Building Networks Can Help You Enhance Your Marketability

As a young professional, building a personal portfolio of knowledge, skills, and abilities (KSA) is important to sell yourself for a promotion or for a new position elsewhere. Young and inexperienced Gen Y’s have to quickly build those KSA’s or risk being stuck in a rut. How else can we leverage our expertise in social networking and web tools?

Building Networks is More Than Just LinkedIN

Building an online network is easy. Just point, click, and wait. But with Twitter, Facebook status updates, posts, pictures, applications, it just seems to be a shouting match. Eventually, it’s questionably spam.

As we go from one job to another job, we bring more and more experience and proprietary knowledge. We learn company methodologies, techniques, and materials. While I don’t condone “stealing” confidential information and jumping ship to share company secrets, your thought process is inspired by the newfound knowledge. Furthermore, during your tenure at a company, build relationships, both with your internal staff and with external clients as well. Foster those relationships, even if you go work somewhere else.

With this “black book” of contacts, you will be much more valuable to the new firm. It provides business relationships and possible new clients. Alternatively, those contacts can be resources for you to tap into for subject matter knowledge.

Ways to Build the Black Book

Here are some possible ways to build and foster those contacts:

  1. Start carrying a small journal around and jot down names and contacts you meet. Reflect upon that journal and write down the person’s interests.
  2. Buy a Rolodex and build an old fashion business card collection. For the more technologically savvy, scan or key the data into a contact database.
  3. Connect via LinkedIN if your contact is online.
  4. Participate in company sponsored networking events, seminars, conferences, etc. It’s a great opportunity to meet people in your field and to get names and contacts.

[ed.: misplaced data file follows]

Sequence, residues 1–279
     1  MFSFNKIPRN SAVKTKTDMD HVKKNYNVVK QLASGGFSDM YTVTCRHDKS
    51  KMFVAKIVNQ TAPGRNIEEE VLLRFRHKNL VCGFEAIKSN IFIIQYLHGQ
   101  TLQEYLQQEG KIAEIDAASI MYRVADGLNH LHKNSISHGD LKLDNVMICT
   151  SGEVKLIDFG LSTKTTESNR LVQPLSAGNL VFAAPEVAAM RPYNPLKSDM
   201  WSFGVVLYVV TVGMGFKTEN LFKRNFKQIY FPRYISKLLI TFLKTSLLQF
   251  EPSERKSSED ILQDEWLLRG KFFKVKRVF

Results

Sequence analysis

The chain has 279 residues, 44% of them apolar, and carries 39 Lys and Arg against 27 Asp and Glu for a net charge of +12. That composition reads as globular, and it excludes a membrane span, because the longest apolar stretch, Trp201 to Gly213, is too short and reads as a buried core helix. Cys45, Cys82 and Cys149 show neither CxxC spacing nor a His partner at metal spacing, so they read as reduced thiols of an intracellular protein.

5. Volunteer to be a part of a committee or team for company events.

The list goes on, but you get the point. The most important action item is to maintain in contact with your “black book” contacts. This can be as simple as an e-mail asking how they are and keeping in touch. Even better, give some free intelectual property as part of your keeping in touch. For example, if you are an advid social networker, send them some links to your favorite posts or recommend some services that can enhance their business.

How do you build your network? How do you keep in touch? How do you leverage your network at your new job?

Published by Daniel Hoang

Daniel Hoang is a visual leader, storyteller, and creative thinker. As an experienced management consultant, he believes in a big picture approach that includes strong project leadership, creative methods, change management, and strategic visioning. He uses a range of visual tools to communicate business challenges, solutions, and goals. His change strategy is to build "tribes" of supporters and evangelists to drive change in culture and organization. Daniel is an avid technologist and futurist and early adopter.